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Volume 39, Number 1 (2014)

A Poetics of Simpson Pass: Natural History and Place-Making in Rocky Mountains Park

  • Sarah Wylie Krotz
March 25, 2015
June 1, 2014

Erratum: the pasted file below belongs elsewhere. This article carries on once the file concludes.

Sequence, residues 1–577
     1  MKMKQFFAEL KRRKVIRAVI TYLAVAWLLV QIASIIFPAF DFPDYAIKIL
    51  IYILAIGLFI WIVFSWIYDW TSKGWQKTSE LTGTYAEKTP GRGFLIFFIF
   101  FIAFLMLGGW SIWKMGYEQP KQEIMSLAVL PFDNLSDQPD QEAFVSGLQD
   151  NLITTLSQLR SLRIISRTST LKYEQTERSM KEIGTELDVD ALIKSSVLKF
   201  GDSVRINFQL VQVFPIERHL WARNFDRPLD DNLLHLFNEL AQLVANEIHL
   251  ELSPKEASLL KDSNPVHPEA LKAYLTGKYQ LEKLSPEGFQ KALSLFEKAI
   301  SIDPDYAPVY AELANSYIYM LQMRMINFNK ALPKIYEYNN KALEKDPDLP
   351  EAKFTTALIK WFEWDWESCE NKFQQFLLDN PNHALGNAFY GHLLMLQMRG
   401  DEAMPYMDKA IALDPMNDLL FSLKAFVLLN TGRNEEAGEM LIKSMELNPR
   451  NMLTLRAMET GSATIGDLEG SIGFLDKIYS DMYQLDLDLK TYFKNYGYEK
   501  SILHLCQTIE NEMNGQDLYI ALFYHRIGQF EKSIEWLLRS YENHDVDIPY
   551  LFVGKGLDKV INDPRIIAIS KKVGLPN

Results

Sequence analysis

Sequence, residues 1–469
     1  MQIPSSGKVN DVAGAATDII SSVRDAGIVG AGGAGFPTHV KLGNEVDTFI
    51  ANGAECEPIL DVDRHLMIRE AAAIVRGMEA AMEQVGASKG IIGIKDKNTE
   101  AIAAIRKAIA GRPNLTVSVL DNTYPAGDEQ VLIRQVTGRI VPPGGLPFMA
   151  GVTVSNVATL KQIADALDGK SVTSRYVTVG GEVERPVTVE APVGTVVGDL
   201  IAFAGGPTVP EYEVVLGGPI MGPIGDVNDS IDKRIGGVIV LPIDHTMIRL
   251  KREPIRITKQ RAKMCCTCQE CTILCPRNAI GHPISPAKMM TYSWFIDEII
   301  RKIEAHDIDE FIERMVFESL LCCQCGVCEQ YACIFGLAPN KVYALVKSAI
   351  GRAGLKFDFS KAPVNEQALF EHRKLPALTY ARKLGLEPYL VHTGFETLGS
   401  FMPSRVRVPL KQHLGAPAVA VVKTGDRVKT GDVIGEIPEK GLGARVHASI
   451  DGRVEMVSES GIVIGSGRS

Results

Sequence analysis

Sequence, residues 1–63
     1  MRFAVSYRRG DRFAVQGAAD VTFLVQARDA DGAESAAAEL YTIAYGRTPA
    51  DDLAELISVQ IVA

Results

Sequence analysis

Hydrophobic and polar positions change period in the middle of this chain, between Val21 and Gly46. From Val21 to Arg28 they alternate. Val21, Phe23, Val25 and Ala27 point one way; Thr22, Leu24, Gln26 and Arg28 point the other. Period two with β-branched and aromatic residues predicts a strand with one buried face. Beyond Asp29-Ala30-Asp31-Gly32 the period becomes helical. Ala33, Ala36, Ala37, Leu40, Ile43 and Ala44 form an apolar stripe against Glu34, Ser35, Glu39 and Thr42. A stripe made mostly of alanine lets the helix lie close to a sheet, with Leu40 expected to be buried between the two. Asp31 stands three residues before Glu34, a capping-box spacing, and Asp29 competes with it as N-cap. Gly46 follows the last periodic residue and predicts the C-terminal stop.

This essay examines A Sprig of Mountain Heather, an early pamphlet designed by J.B. Harkin and Mabel Williams to promote Canada’s dominion parks. Familiar in some historical circles but less so in literary ones, the pamphlet provides a fascinating glimpse into the colonial practice of natural history and its role in shaping European relationships to wild spaces such as Simpson Pass, on the border of Rocky Mountains (now Banff) Park. Containing both an actual specimen – a pressed flower from an alpine meadow on the pass – and “a story of the heather” that connects it to Scottish lore and culture, A Sprig of Mountain Heather demonstrates how natural history made it possible for European settlers to imbue even a remote and alien space with the homely resonance of place – a key attribute of the national parks’ colonial and curatorial relationship to wilderness. Read in the light of a wider history of botanical inventory and description both in the mountain parks and elsewhere in Canada, A Sprig of Mountain Heather exemplifies the potency of the natural object as a locus of memory that could at once transport and transplant emigrants, allowing them to establish a deeper connection to lands that were remote both geographically and culturally.